How Does Medical Debt Affect Your Credit Score
6 MIN READ
Published October 23, 2023 | Updated November 17, 2023
If you’ve been struggling with medical bills, you’re not alone. Over 40% of Americans had medical debt in 2022. Luckily, the credit industry has deprioritized medical debt. Unpaid medical debt doesn’t show up on credit reports for 365 days, and if you’ve got a debt under $500, it will not show up at all.
However, once a medical bill does appear on your credit report, it will stay there for seven years unless you pay it off. There are several ways to deal with large medical bills, including negotiating with your healthcare provider, applying for financial assistance, and getting a medical credit card.
Do Medical Bills Affect Your Credit?
Most healthcare providers don’t report to the three major credit bureaus: TransUnion, Equifax, and Experian. So, does medical debt affect your credit? Once your medical debt is 60, 90, or 120 days past due, medical providers may sell it to a collection agency.
After your bill goes to collection, the credit bureaus provide you with a waiting period of 365 days to resolve the debt or dispute any errors. Paid medical collections also won’t impact your credit score. If the initial debt is less than $500, it won’t impact your score at all.
However, once it shows up on the credit score, it will remain there for seven years. While you can’t go to jail for not paying medical bills, it can impact your creditworthiness and make it difficult for you to get new credit at competitive terms in the future.
However, many financial institutions have allowed some concessions when it comes to medical debts. “After the major economic events we’ve experienced in recent years, such as the Financial Crisis of 2008 and the COVID pandemic, banks and major credit card companies have allowed for certain considerations when it comes to medical debt,” explains Brad Reichert, founder and managing director of Reichert Asset Management LLC.
“For example, when approving an existing cardholder’s request for a credit line increase, some financial institutions have traditionally overlooked modest amounts of medical debt that may be on an otherwise clean credit report, especially if the cardholder has been an otherwise excellent customer of the bank for 2-3 years or more,” shares Reichert.
8 Ways To Pay Your Medical Debt and Improve Credit Score
If you’re left with a large debt after an illness or an accident, there are several options available. Consider repaying our bills at the earliest so it won’t negatively affect your credit score.
1. Set Up a Payment Plan
Try to work with your healthcare provider to set up a payment plan. This will allow you to break down a large bill into smaller, more manageable monthly payments. Be sure to check if the provider will add any fees or interest to the original bill because it may add up to your original debt. Once you set up a repayment plan, paying the minimum monthly payments as agreed is important so it won’t affect your credit.
2. Contact the Insurance Company
Once you receive a bill from the healthcare provider, check your insurance policy to see what charges they cover. Contact your health insurance company by email or phone to ensure that it’s paying the bills covered by the policy, so you only have to worry about paying the charges that aren’t covered.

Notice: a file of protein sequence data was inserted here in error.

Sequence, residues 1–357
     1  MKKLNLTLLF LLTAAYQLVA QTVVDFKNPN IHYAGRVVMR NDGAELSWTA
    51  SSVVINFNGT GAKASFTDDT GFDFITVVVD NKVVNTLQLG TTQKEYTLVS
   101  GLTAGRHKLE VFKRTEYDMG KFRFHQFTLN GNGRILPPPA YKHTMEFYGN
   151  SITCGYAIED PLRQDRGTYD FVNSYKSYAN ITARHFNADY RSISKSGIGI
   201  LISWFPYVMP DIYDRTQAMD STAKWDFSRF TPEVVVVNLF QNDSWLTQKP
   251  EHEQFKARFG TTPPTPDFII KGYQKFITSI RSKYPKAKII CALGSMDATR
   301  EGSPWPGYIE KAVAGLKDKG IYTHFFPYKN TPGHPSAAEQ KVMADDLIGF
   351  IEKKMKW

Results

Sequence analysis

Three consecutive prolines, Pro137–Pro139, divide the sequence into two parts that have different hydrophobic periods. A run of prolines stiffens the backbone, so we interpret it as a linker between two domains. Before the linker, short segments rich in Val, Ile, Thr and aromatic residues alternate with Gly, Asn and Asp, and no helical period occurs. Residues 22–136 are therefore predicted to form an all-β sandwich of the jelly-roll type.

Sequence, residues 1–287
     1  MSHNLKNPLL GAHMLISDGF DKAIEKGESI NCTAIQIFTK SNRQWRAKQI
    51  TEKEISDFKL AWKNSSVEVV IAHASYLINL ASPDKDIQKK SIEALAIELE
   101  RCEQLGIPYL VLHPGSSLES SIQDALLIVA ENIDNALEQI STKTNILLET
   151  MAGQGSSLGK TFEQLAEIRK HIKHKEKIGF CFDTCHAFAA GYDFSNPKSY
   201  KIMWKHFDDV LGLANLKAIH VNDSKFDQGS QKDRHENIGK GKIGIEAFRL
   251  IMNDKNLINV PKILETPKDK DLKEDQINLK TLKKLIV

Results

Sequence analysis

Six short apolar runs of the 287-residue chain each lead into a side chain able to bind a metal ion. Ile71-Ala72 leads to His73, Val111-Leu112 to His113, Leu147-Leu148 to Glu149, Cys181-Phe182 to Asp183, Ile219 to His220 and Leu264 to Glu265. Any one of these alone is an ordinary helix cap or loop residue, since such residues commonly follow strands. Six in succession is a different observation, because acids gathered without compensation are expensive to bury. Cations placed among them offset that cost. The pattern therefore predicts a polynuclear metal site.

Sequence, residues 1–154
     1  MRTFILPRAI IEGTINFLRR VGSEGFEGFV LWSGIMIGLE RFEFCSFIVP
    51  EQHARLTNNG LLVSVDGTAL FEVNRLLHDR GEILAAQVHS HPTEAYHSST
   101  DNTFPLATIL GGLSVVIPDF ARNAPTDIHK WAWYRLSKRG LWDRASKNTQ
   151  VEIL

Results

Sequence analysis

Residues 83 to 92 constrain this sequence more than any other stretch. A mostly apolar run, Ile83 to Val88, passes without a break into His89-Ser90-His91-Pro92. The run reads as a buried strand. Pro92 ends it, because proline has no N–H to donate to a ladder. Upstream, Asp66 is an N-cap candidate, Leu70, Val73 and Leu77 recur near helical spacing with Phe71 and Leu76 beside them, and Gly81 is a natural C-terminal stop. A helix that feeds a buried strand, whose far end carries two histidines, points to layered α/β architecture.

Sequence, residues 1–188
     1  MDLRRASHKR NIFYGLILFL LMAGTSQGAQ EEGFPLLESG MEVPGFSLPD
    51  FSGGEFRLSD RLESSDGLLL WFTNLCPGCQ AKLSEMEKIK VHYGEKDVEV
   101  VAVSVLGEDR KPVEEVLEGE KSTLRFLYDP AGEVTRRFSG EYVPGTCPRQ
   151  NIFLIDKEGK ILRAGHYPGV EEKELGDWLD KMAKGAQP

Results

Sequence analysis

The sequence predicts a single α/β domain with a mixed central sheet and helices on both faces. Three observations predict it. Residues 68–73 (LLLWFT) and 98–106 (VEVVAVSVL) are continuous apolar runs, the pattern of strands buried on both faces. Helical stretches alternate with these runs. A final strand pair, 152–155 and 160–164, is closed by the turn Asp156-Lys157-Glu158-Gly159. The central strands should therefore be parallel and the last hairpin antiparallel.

3. Consider Medical Debt Consolidation
If you’ve got multiple medical bills, you can get a debt consolidation loan to roll multiple payments into a single monthly payment. Medical debt consolidation loans may be available at favorable repayment terms, especially if you’ve got good credit. You’ll need to compare your options to ensure you get the lowest possible interest rate.
4. Negotiate Bills
Negotiate with your medical provider to lower your bill. Pricing can vary depending on whether you’re insured or not. If you’re facing financial hardship, your healthcare provider may be willing to lower your bill or offer you better repayment terms. You can then pay a lump sum to settle your debt.
5. Hire a Billing Advocate
Medical billing advocates can work with insurance companies and healthcare providers to help resolve medical debt on your behalf. They can help you review bills and dispute errors and may help you save thousands of dollars and a lot of time by dealing with insurers and healthcare organizations.
6. Get a Medical Credit Card
Many doctors, dentists, and other healthcare providers offer medical credit cards to patients so they can spread large medical bills over multiple payments. This may be a good way to plan for your medical bills in advance and pay for them through affordable monthly payments. However, they may end up costing you a lot due to high interest rates and fees, so be sure to consider your options before you get one.
7. Crowdfund Your Medical Bill
Another option to pay large medical bills is by setting up a fundraiser. Crowdfunding sites like GiveForward can help you raise funds from friends, family, and even strangers. Although it may take time, this is a good way to pay off large medical bills without taking out a loan.
8. Apply for Financial Assistance
Several organizations can help you cover large medical expenses, such as the Patient Advocate Foundation, HealthWell Foundation, and RIP Medical Debt. If you’re facing financial hardship, you may qualify for a grant from a nonprofit organization. If you qualify, Medicaid may also cover medical bills retroactively in some cases.
The Bottom Line on Medical Debt and Its Impact on Credit Score
While unpaid medical bills don’t impact consumer credit reports the same way as other types of debt, they can stay on your credit history for seven years once it goes to collections. However, paid medical debt won’t appear on your credit report. Speak to your healthcare provider to set up a payment plan, negotiate a settlement, or approach a nonprofit organization for financial assistance.